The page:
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The Great War Syndicate Frank R. Stockton

The Great War Syndicate

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Each of these tubes could exert a force sufficient to move an ordinary train of passenger cars one mile, and this power could be exerted instantaneously, so that the difference in time in the starting of a train at one end of the mile and its arrival at the other would not be appreciable. The difference in concussionary force between a train moving at the rate of a mile in two minutes, or even one minute, and another train which moves a mile in an instant, can easily be imagined.

In these bombs, those tubes which might direct their powers downward or laterally upon the earth were capable of instantaneously propelling every portion of solid ground or rock to a distance of two or three hundred yards, while the particles of objects on the surface of the earth were instantaneously removed to a far greater distance. The tube which propelled the bomb was of a force graduated according to circumstances, and it would carry a bomb to as great a distance as accurate observation for purposes of aim could be made. Its force was brought into action while in the cannon by means of electricity while the same effect was produced in the other tubes by the concussion of the steel head against the object aimed at.

What gave the tubes their power was the jealously guarded secret.

The method of aiming was as novel as the bomb itself. In this process nothing depended on the eyesight of the gunner; the personal equation was entirely eliminated. The gun was so mounted that its direction was accurately indicated by graduated scales; there was an instrument which was acted upon by the dip, rise, or roll of the vessel, and which showed at any moment the position of the gun with reference to the plane of the sea-surface.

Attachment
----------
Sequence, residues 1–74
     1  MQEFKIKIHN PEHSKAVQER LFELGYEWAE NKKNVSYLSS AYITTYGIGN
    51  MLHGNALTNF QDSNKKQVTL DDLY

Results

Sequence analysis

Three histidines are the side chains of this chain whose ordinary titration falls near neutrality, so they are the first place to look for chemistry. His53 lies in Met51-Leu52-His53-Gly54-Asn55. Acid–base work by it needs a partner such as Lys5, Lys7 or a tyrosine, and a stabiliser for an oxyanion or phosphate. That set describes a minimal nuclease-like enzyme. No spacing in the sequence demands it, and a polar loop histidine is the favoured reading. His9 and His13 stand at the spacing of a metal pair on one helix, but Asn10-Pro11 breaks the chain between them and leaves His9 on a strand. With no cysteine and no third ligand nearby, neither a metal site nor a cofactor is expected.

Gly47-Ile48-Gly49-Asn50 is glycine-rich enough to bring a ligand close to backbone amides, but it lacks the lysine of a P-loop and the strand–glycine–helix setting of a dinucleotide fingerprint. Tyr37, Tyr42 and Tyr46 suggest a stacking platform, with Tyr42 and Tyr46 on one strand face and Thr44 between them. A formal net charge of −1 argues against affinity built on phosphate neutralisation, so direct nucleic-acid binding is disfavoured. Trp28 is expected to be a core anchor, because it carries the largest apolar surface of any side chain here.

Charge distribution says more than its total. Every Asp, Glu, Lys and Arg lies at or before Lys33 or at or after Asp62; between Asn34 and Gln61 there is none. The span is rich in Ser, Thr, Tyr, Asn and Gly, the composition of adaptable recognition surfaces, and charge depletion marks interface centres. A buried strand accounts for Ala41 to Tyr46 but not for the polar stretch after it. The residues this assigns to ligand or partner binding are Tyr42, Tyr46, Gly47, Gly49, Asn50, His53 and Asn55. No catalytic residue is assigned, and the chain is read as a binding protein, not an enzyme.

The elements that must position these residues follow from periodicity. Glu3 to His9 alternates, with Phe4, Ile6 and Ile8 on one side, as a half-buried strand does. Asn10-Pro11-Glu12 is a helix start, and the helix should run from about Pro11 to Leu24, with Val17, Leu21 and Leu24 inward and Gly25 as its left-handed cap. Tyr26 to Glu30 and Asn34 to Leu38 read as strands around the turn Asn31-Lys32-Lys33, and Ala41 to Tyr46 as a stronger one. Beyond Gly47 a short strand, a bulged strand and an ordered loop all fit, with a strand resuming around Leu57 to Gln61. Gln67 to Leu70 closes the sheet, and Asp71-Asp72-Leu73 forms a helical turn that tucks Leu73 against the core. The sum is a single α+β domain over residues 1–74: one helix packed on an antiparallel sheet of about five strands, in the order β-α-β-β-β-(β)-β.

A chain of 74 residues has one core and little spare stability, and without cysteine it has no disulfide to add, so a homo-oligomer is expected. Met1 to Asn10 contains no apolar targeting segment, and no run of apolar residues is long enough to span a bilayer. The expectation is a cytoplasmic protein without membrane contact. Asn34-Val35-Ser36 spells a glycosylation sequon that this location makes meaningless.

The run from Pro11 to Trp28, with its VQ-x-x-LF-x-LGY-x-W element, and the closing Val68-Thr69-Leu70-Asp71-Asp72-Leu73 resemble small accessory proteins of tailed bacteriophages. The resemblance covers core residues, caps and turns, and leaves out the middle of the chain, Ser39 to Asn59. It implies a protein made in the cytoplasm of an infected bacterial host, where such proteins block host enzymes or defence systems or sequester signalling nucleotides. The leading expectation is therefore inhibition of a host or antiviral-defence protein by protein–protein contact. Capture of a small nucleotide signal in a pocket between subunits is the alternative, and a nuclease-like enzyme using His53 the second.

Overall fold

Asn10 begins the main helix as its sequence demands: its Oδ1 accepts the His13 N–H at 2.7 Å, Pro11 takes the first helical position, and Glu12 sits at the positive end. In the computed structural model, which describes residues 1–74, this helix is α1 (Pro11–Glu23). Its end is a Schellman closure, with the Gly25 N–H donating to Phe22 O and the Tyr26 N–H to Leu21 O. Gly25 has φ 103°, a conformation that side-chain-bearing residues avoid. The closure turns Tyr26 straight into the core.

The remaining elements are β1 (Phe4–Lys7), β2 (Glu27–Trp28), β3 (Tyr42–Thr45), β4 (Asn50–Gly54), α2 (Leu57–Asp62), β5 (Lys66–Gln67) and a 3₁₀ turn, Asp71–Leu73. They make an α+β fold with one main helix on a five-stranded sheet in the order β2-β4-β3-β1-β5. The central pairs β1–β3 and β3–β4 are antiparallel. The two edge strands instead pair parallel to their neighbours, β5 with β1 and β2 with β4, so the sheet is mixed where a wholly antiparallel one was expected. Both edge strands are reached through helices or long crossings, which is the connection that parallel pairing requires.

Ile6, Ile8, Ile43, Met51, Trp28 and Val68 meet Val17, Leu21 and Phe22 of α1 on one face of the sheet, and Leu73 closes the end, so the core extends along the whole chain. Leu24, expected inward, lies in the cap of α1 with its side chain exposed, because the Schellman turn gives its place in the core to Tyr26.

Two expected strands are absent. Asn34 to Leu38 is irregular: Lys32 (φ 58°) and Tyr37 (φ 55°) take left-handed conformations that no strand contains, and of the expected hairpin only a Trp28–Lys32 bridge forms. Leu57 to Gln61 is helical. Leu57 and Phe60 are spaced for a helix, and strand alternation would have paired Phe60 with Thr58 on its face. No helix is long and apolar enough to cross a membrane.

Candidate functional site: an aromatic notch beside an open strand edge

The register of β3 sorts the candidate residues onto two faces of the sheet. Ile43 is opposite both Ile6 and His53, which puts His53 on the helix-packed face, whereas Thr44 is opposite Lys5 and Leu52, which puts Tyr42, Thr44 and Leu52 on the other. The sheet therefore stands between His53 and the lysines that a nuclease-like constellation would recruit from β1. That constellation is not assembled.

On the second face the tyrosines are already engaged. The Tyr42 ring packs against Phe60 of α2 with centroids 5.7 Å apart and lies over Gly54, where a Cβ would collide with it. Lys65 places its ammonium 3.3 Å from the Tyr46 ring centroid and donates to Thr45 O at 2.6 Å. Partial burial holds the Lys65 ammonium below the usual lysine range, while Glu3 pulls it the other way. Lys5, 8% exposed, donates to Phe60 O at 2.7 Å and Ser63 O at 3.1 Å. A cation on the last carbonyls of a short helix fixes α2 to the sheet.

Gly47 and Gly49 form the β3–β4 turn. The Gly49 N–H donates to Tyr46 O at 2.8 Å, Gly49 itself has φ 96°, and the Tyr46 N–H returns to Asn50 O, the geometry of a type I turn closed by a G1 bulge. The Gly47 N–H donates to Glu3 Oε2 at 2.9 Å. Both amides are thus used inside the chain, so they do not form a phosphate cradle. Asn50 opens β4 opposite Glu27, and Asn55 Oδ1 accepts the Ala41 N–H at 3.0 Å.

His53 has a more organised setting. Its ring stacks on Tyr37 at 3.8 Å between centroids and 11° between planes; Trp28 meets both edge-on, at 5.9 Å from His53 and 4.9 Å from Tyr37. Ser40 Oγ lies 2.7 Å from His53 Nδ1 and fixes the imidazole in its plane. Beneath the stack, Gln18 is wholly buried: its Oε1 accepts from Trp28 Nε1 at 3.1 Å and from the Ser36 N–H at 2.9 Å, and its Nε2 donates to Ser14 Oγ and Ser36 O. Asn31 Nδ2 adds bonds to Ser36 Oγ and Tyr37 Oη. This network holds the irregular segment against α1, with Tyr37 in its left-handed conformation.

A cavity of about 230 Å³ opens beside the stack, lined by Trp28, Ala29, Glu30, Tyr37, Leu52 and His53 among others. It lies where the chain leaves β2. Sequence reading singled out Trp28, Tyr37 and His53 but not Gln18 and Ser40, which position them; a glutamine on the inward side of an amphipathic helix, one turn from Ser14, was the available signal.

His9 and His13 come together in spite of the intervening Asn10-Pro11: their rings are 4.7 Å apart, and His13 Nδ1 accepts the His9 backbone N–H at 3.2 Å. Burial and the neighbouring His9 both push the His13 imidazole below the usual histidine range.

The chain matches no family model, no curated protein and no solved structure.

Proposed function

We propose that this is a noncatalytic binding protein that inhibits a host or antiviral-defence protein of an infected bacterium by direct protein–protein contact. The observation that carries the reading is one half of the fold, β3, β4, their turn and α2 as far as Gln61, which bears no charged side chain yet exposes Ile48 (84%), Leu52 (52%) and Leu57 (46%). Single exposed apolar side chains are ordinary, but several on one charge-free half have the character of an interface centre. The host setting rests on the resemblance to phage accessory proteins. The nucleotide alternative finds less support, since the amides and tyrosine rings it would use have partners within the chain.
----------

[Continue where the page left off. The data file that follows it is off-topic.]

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Before the discharge of the cannon an observation was taken by one of the scientific men, which accurately determined the distance to the object to be aimed at, and reference to a carefully prepared mathematical table showed to what points on the graduated scales the gun should be adjusted, and the instant that the that the muzzle of the cannon was in the position that it was when the observation was taken, a button was touched and the bomb was instantaneously placed on the spot aimed at. The exactness with which the propelling force of the bomb could be determined was an important factor in this method of aiming.

As soon as three of the spring-armoured vessels and five "crabs" were completed, the Syndicate felt itself ready to begin operations. It was indeed time. The seas had been covered with American and British merchantmen hastening homeward, or to friendly ports, before the actual commencement of hostilities. But all had not been fortunate enough to reach safety within the limits of time allowed, and several American merchantmen had been already captured by fast British cruisers.

The members of the Syndicate well understood that if a war was to be carried on as they desired, they must strike the first real blow. Comparatively speaking, a very short time had elapsed since the declaration of war, and the opportunity to take the initiative was still open.

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The Great War Syndicate
Frank R. Stockton

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